“Overall, we welcome the increases in welfare payments and the additional payments to certain pensioners, but Budget 2023 is falling short for our older people who deserve to live with security, independence and dignity.”

Alone, the charity which seeks to empower older people to continue living at home, said the Budget has not delivered for older people on the lowest incomes.

“A €12 increase in the pension is simply not enough to keep up with the increased costs caused by inflation – it doesn’t even enable people to stand still. While one-off supports are welcome, they do not make up the difference in what was needed in core welfare increases,” CEO Seán Moynihan said.

“We work with older people who are turning off their fridges and pendant alarms, who are selling off items to support themselves, who are spending their days in shopping centres and on trains to avoid the cost of having to heat their homes. An extra €12 per week will not reassure those people in January.

“We needed increases to the pension and other supports at the level of €20 and above in order to provide any sort of financial stability for older people.”


The Society of St. Vincent de Paul (SVP) said that the one-off measures will not stem a rise in poverty.

Dr. Tricia Keilthy, head of social justice at the charity, said the new measures will help low-income households during “what will be a very difficult winter”, but that the increases in core social welfare rates do not cover the rise in the cost-of-living.

“This means a real-term cut to welfare for those already living below the poverty line. Increasing social welfare rates by €20 would have provided better support for individuals and families trying to get by on a very low income and helped prevent the damage caused by poverty in the longer term,” she said.

The failure to address the impact of inflation on low-income households beyond short-term measures puts many people at risk of being pulled further into the kind of grinding daily hardship that is very difficult to escape.

Keilthy said the decision not to extend the Fuel Allowance to those in receipt of the Working Family Payment is “very disappointing”.

“This is a targeted measure that would have benefited just over 50,000 low-income families and protected them over the winter months from going without adequate heat and light,” she said.

She added that the social welfare increases for younger and older children don’t go far enough.

Children’s Rights Alliance (CRA) Director of Legal Police and Services Julie Ahern today welcomed the increase in core welfare payments and one-off payments. 

“For families with young children, incomes have to stretch even further to cover just the basics. It is most welcome to see an increase in the Working Family Payment threshold by €40 a week and a once-off payment which will reach more families on low incomes,” Ahern said.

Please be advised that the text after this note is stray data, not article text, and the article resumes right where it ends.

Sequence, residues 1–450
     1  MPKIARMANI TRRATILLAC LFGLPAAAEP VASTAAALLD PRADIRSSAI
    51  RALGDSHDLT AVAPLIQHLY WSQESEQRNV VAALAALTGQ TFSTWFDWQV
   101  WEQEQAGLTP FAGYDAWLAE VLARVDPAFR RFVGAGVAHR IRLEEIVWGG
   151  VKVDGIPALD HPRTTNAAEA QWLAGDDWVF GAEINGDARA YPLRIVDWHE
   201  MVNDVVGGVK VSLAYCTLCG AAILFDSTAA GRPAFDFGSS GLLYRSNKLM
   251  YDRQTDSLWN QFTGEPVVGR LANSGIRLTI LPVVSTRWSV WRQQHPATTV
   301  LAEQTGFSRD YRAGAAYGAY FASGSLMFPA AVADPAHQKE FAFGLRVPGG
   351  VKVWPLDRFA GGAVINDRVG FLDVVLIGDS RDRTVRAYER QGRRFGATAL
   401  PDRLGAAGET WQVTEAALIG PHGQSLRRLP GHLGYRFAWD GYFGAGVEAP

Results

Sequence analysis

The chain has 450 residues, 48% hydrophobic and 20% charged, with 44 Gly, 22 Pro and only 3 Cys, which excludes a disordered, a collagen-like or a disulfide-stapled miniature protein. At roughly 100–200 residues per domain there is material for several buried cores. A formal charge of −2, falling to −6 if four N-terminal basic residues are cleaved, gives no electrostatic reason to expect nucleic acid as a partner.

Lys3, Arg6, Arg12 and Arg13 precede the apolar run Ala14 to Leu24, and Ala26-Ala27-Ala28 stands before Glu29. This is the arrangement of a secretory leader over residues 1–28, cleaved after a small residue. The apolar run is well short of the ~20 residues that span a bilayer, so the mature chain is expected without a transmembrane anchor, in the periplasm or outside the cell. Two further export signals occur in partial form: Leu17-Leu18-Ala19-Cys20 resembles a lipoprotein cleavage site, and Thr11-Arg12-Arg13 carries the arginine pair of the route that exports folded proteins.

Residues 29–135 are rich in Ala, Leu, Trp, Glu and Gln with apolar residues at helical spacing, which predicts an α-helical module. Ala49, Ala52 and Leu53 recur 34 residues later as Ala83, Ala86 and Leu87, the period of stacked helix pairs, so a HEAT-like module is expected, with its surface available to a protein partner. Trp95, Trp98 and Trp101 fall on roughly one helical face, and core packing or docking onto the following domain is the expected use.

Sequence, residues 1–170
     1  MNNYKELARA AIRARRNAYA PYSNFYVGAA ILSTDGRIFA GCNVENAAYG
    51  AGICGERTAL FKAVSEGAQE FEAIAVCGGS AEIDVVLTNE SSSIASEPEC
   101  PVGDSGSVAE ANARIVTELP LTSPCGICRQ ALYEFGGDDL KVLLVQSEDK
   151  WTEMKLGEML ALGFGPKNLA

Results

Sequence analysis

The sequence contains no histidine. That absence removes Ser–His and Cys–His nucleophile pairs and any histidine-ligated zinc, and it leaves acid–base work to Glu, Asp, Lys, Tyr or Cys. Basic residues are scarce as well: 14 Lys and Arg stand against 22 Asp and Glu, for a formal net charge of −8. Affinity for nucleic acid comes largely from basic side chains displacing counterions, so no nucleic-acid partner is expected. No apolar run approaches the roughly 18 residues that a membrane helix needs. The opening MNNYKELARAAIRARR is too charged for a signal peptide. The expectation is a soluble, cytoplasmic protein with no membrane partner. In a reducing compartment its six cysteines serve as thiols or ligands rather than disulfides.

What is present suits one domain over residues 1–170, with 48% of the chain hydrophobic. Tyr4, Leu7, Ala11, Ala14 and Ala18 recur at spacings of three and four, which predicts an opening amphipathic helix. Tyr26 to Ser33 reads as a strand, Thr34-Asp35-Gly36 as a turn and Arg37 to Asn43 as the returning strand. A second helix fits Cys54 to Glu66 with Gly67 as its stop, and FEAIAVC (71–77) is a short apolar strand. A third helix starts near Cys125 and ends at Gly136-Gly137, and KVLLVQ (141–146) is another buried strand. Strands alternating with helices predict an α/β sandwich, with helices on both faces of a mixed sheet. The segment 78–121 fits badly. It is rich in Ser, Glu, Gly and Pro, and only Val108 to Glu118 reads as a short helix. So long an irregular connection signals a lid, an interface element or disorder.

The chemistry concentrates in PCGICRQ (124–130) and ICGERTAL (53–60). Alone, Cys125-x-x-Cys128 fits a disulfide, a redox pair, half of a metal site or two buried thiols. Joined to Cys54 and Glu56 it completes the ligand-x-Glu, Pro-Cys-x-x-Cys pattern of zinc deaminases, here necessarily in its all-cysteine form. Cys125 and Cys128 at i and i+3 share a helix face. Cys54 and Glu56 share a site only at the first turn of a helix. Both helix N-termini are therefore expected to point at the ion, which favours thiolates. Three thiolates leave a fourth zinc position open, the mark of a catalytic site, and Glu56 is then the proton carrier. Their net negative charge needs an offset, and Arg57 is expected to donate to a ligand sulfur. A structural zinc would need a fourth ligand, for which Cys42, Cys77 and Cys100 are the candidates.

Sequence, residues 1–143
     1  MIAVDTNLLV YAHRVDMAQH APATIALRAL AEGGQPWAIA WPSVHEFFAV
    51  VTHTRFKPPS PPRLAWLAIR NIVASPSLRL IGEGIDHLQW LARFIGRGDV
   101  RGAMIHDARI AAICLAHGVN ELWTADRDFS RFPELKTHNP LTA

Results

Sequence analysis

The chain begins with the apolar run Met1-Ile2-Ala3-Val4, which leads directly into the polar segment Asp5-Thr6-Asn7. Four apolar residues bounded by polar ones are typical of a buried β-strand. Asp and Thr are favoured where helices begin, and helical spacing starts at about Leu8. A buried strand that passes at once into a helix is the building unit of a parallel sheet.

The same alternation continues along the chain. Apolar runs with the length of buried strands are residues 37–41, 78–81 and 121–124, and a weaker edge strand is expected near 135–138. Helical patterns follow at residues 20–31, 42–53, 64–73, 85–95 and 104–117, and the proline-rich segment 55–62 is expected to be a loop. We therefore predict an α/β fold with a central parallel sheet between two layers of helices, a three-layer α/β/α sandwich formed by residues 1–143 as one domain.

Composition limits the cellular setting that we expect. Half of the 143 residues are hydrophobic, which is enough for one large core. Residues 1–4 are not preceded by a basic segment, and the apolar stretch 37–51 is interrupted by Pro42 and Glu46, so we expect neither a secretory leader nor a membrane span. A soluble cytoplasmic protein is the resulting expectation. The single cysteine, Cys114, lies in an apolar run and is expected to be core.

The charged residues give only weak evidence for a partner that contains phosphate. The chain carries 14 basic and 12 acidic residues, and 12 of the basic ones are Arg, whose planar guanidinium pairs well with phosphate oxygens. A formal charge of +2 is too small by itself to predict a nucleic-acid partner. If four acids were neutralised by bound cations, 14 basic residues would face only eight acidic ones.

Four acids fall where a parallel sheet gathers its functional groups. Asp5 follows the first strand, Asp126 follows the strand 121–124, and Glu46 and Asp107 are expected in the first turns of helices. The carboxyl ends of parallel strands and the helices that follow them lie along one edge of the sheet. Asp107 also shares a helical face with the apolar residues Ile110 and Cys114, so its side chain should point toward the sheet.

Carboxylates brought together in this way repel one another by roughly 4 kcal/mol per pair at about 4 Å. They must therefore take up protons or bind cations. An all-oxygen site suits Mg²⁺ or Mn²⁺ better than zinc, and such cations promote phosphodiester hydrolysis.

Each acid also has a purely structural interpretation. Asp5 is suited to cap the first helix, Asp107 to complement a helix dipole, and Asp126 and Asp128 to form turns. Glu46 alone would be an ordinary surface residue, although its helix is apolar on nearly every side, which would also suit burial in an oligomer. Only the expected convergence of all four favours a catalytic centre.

However, she said the Government had to invest in the qualified child increase “to just stand still”, but that the increase “won’t be enough to support children on the brink of poverty”.

“We know that families with older children have much higher costs and they will not reap the benefits of some of the more robust measures announced today like free primary school books. For these families, an increase in the QCI would have been a crucial intervention,” she said. 

Disability poverty ‘not a one-off issue’

The Disability Federation of Ireland (DFI) has welcomed the acknowledgement by Minister McGrath during the Budget that disabled people live with many extra costs.

Cost of Disability report published in December 2021 found that having a disability leads to significant additional costs of between €8,700 and €12,300 per year.

“Disabled people and their families live in poverty and exclusion in every community across Ireland – one-in-five people who rely on Disability Allowance to survive live in consistent poverty, while 2 in 5 are at risk of poverty,” Deputy DFI CEO Allen Dunne said.

“Along with other anti-poverty organisations we had called for a €20 increase in core social protection rates to keep up with inflation and prevent a rise in inequality and poverty. Although the Minister referenced inflation, this increase falls significantly short at €12, meaning disabled people will face a real drop in income in 2023.”

Allen said the once-off €500 payment for those living with disabilities “must become a permanent annual payment – only then can we begin to decrease Ireland’s shockingly high disability poverty rates”.

Additional reporting by Tadgh McNally